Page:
and gigantic growth. Your audibly arrogant man
exposes himself to tests: in attempting to make
an impression on others he may possibly (not always)
be made to feel his own lack of definiteness; and
the demand for definiteness is to all of us a needful
check on vague depreciation of what others do, and
vague ecstatic trust in our own superior ability.
But Lentulus was at once so unreceptive, and so little
gifted with the power of displaying his miscellaneous
deficiency of information, that there was really nothing
to hinder his astonishment at the spontaneous crop
of ideas which his mind secretly yielded. If
it occurred to him that there were more meanings than
one for the word “motive,” since it sometimes
meant the end aimed at and sometimes the feeling that
prompted the aiming, and that the word “cause”
was also of changeable import, he was naturally struck
with the truth of his own perception, and was convinced
that if this vein were well followed out much might
be made of it. Men were evidently in the wrong
about cause and effect, else why was society in the
confused state we behold? And as to motive, Lentulus
felt that when he came to write down his views he
should look deeply into this kind of subject and show
up thereby the anomalies of our social institutions;
meanwhile the various aspects of “motive”
and “cause” flitted about among the motley
crowd of ideas which he regarded as original, and pregnant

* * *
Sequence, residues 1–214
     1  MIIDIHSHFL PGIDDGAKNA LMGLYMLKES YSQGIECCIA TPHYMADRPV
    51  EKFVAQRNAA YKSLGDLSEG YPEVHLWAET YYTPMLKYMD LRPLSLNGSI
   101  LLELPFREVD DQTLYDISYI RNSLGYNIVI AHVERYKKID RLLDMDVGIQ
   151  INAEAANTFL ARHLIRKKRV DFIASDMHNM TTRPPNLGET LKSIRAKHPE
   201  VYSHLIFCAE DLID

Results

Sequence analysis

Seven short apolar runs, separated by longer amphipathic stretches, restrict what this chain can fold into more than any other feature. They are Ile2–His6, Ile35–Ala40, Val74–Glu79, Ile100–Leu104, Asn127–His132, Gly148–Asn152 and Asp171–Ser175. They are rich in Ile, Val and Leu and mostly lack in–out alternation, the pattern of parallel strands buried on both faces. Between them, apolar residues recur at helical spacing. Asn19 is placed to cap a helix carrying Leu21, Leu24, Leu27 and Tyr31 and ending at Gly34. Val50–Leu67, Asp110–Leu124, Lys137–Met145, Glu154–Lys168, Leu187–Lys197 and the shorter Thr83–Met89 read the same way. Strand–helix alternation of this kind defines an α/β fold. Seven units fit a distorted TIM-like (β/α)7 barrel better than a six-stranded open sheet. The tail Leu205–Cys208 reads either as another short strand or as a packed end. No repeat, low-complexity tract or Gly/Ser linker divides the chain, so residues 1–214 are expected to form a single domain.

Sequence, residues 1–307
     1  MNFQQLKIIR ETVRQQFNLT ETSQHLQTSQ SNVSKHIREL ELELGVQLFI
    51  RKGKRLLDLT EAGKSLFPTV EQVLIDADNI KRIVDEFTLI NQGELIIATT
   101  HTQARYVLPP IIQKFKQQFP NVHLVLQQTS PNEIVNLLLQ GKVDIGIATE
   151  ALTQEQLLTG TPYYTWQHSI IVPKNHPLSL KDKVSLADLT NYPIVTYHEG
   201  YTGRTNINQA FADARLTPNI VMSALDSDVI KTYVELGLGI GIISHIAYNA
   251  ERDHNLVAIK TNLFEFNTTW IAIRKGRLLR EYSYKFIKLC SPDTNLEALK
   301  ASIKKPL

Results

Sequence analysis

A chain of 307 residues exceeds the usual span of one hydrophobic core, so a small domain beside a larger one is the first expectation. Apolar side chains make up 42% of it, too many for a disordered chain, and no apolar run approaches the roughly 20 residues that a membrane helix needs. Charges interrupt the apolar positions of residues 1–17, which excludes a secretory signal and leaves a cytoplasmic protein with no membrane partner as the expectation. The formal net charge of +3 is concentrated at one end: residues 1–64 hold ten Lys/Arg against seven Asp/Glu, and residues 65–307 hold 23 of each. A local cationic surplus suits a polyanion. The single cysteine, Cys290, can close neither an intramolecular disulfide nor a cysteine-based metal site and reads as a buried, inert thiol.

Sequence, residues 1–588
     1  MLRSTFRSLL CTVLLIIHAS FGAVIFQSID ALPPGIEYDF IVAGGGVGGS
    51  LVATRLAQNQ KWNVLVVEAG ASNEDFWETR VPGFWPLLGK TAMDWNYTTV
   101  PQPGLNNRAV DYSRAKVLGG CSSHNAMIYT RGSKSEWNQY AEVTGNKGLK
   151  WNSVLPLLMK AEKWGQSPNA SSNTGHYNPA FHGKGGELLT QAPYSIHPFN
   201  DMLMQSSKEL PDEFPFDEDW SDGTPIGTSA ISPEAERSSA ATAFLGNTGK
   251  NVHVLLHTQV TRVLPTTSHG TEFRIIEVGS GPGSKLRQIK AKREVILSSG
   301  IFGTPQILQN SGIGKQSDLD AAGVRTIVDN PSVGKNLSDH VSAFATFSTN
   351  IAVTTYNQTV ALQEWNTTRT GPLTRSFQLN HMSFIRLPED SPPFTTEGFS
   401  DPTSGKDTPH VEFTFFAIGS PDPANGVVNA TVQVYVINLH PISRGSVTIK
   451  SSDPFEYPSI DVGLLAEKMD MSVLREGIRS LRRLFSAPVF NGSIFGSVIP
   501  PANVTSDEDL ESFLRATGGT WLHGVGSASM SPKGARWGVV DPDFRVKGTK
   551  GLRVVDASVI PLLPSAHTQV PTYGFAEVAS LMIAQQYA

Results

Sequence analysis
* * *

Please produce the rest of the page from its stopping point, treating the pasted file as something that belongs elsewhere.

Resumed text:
with reformative efficacy. For his unaffected
goodwill made him regard all his insight as only valuable
because it tended towards reform.
The respectable man had got into his illusory maze
of discoveries by letting go that clue of conformity
in his thinking which he had kept fast hold of in
his tailoring and manners. He regarded heterodoxy
as a power in itself, and took his inacquaintance
with doctrines for a creative dissidence. But
his epitaph needs not to be a melancholy one.
His benevolent disposition was more effective for good
than his silent presumption for harm. He might
have been mischievous but for the lack of words:
instead of being astonished at his inspirations in
private, he might have clad his addled originalities,
disjointed commonplaces, blind denials, and balloon-like
conclusions, in that mighty sort of language which
would have made a new Koran for a knot of followers.
I mean no disrespect to the ancient Koran, but one
would not desire the roc to lay more eggs and give
us a whole wing-flapping brood to soar and make twilight.
Peace be with Lentulus, for he has left us in peace.
Blessed is the man who, having nothing to say, abstains
from giving us wordy evidence of the fact—from
calling on us to look through a heap of millet-seed
in order to be sure that there is no pearl in it.
A TOO DEFERENTIAL MAN.